A cookie swap should be considered a casual event, so no sit-down meal is required. However, you should have a table set for receiving. Consider having a tray or large plate ready for each guest (you could colour coordinate if you like) and a card ready for them to fill out (with the name of their cookie) and place beside their bakes.
Have packaging or Tupperware ready
In order for your guests to take their goodies home, you need to supply them with baggies or boxes. Consider festive cellophane bags or vintage Christmas cookie tins.
Create recipe cards
Ask your guests to share their cookie recipe in advance. Print each recipe on a card and leave them by the door so guests can grab them before they leave. When the holidays roll around next year, you and your guests will already have a variety of holiday cookie recipes to enjoy.
It’s not Christmas without a festive libation! Here are recipes for two that are sure to bring you holiday cheer.
Black Seal Eggnog (makes 2 quarts)
6 eggs, separated
1/2 cup sugar, plus another 1/4 cup
1 pint heavy whipping cream
1 pint whole milk
6 ounces whiskey
4 ounces Gosling’s Black Seal Rum
2 ounces amaretto
Freshly grated nutmeg
Beat egg yolks with a 1/2 cup sugar until thick.
Beat the egg whites with a 1/4 cup sugar until they stand in stiff peaks.
Beat the cream until thickened but not whipped hard.
Fold together the yolks and whites, and then the cream. Add milk to thin the mixture.
Add spirits and stir before grating in lots of nutmeg.
Chill thoroughly before serving.
Christmas Rum Punch
Juice of 4 oranges
Juice of 4 lemons
A whole pineapple, diced (save the juice too!)
1/2 cup superfine sugar
1/4 cup orange curaçao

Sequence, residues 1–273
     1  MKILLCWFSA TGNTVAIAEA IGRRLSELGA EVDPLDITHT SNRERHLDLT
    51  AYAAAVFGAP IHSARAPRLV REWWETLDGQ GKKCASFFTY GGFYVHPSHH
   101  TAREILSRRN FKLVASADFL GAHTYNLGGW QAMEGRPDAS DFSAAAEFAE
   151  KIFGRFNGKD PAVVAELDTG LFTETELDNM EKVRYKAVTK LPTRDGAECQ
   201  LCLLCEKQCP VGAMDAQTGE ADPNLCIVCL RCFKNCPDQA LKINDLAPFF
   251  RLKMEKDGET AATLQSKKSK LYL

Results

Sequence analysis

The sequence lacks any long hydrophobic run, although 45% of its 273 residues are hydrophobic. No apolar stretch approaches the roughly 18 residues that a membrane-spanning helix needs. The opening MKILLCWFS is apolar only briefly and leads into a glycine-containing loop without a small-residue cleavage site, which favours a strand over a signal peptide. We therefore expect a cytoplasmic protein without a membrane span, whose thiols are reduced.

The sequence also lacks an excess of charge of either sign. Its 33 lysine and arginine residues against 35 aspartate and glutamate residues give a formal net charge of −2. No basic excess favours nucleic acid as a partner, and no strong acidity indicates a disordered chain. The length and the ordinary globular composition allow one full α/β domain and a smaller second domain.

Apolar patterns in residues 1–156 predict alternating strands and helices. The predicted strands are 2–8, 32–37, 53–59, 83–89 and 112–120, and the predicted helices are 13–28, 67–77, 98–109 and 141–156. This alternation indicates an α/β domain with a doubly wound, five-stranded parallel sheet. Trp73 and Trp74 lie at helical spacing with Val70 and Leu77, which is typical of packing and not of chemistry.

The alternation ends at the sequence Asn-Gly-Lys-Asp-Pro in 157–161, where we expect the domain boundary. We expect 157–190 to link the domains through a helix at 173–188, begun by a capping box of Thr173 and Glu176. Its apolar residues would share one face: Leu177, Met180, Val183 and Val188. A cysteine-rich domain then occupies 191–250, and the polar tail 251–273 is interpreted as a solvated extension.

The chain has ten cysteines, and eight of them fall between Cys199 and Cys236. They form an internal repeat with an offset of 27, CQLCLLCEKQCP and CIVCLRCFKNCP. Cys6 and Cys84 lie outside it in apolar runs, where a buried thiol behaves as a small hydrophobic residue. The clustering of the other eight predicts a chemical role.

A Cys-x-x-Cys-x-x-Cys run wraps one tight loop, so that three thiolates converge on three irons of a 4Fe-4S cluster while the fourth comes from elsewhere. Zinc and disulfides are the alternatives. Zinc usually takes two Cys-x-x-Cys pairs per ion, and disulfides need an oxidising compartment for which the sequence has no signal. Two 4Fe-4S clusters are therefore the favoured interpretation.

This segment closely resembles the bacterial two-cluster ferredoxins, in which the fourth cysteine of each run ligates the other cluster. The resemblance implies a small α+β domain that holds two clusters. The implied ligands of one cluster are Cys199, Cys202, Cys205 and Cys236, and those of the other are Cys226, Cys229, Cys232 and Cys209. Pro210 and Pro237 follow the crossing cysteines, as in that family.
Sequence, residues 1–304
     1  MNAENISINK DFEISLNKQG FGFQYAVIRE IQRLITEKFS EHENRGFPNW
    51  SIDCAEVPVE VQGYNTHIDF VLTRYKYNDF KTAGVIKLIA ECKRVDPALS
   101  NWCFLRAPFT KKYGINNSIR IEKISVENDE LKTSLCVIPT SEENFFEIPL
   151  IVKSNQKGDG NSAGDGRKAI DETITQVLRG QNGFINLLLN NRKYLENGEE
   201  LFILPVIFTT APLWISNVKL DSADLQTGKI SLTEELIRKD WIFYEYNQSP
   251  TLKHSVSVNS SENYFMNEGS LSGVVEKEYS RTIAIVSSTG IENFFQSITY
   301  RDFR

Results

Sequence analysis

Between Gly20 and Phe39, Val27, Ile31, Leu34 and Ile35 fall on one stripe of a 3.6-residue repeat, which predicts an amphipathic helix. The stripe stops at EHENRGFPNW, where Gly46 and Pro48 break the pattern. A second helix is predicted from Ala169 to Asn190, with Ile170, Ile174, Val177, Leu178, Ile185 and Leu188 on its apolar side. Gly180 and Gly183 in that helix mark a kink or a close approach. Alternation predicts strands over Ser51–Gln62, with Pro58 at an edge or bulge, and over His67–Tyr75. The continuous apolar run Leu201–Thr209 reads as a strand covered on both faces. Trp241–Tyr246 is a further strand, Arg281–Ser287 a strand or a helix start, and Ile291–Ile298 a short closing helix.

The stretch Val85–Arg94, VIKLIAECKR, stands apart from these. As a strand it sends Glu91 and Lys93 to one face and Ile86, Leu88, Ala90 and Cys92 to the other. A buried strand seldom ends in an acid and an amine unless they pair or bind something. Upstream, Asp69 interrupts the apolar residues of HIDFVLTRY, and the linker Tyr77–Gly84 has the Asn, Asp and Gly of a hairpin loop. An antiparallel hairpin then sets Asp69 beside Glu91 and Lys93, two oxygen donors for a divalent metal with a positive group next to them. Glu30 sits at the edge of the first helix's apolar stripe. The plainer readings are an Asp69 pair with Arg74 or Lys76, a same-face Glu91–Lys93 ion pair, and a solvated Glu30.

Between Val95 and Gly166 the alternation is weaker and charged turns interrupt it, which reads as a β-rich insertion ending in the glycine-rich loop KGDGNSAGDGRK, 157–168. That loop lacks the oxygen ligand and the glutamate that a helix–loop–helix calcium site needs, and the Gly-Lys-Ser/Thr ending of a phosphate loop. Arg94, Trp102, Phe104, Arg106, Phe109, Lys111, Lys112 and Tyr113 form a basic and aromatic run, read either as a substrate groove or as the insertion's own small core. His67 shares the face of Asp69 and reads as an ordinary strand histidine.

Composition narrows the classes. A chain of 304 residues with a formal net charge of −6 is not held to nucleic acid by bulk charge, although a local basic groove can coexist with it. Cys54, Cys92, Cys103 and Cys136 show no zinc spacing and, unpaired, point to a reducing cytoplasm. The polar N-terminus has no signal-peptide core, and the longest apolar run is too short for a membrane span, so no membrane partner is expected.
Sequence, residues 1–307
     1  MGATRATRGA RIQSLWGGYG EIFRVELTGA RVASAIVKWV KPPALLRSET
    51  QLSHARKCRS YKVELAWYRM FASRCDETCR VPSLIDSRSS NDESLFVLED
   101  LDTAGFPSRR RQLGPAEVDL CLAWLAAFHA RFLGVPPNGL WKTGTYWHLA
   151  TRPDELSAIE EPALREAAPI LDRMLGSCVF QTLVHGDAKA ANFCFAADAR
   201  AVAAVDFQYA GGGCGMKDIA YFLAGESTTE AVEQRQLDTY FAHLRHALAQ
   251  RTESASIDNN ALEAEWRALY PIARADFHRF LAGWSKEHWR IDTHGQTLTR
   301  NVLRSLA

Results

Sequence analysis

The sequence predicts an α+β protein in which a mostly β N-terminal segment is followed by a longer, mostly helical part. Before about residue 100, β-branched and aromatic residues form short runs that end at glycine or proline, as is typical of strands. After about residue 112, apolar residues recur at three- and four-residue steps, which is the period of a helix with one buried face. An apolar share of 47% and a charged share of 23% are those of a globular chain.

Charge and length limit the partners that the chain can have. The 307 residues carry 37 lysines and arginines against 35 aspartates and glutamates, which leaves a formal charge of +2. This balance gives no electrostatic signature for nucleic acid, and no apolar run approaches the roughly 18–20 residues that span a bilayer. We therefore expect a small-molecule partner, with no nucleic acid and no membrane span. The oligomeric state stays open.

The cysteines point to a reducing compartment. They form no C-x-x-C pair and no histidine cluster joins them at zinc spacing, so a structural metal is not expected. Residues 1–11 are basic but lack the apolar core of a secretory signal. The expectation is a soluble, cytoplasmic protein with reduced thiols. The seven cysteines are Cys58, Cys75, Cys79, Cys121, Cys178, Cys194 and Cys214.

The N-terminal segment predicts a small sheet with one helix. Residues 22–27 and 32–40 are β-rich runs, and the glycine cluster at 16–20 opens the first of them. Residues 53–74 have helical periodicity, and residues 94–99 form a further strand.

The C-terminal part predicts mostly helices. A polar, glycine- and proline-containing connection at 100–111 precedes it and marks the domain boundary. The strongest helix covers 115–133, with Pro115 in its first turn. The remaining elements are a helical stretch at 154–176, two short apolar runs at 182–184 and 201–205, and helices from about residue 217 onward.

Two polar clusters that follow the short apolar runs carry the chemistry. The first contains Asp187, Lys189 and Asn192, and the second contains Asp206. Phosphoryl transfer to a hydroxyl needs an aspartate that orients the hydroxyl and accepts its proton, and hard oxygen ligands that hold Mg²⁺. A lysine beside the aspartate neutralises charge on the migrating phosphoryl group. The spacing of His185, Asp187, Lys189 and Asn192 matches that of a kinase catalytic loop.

1 small bottle maraschino cherries
1 bottle Gosling’s Black Seal Rum
1 bottle club soda, chilled
1 orange, sliced for garnish
2 lemons, sliced for garnish
Put the fruit juices, the pineapple with its juice, the cherries (plus the juice they come in) and the sugar in a punch bowl and mix well. Add the spirits and stir before placing in the refrigerator to chill. Once chilled, add club soda and transfer mixture to a pitcher or decorative punch bowl. Add fruit slices and ice before serving.
Celebrate the season socially at one (or all!) of these festive events.
Bermuda National Trust Christmas Walkabout, December 1
The Bermuda National Trust’s annual Walkabout acts as our unofficial start to the holiday season, and thousands of locals flock from all corners of our island to join the fun. Beautifully decorated historic homes and businesses will be open and Trust tenants will welcome you in with a glass of mulled wine or eggnog. The Town Square becomes centre stage for dancers, youth orchestras and singers, as does St. Peter’s Church which is fully decorated and filled with festive tunes from a bell choir and recorder ensemble.
Santa Parade, December 3